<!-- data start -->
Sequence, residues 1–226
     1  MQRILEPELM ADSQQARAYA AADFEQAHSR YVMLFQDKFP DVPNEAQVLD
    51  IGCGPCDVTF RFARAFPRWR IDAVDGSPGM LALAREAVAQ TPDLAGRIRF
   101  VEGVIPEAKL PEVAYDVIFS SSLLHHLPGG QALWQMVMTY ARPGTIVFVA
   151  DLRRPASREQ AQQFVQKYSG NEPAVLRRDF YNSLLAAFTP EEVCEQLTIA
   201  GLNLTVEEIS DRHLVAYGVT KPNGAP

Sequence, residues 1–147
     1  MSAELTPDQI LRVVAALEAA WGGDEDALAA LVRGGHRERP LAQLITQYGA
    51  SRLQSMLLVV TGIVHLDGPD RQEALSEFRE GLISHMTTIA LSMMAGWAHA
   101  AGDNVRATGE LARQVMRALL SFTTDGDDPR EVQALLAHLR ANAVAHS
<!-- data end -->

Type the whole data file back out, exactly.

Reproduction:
Sequence, residues 1–226
     1  MQRILEPELM ADSQQARAYA AADFEQAHSR YVMLFQDKFP DVPNEAQVLD
    51  IGCGPCDVTF RFARAFPRWR IDAVDGSPGM LALAREAVAQ TPDLAGRIRF
   101  VEGVIPEAKL PEVAYDVIFS SSLLHHLPGG QALWQMVMTY ARPGTIVFVA
   151  DLRRPASREQ AQQFVQKYSG NEPAVLRRDF YNSLLAAFTP EEVCEQLTIA
   201  GLNLTVEEIS DRHLVAYGVT KPNGAP

Sequence, residues 1–147
     1  MSAELTPDQI LRVVAALEAA WGGDEDALAA LVRGGHRERP LAQLITQYGA
    51  SRLQSMLLVV TGIVHLDGPD RQEALSEFRE GLISHMTTIA LSMMAGWAHA
   101  AGDNVRATGE LARQVMRALL SFTTDGDDPR EVQALLAHLR ANAVAHS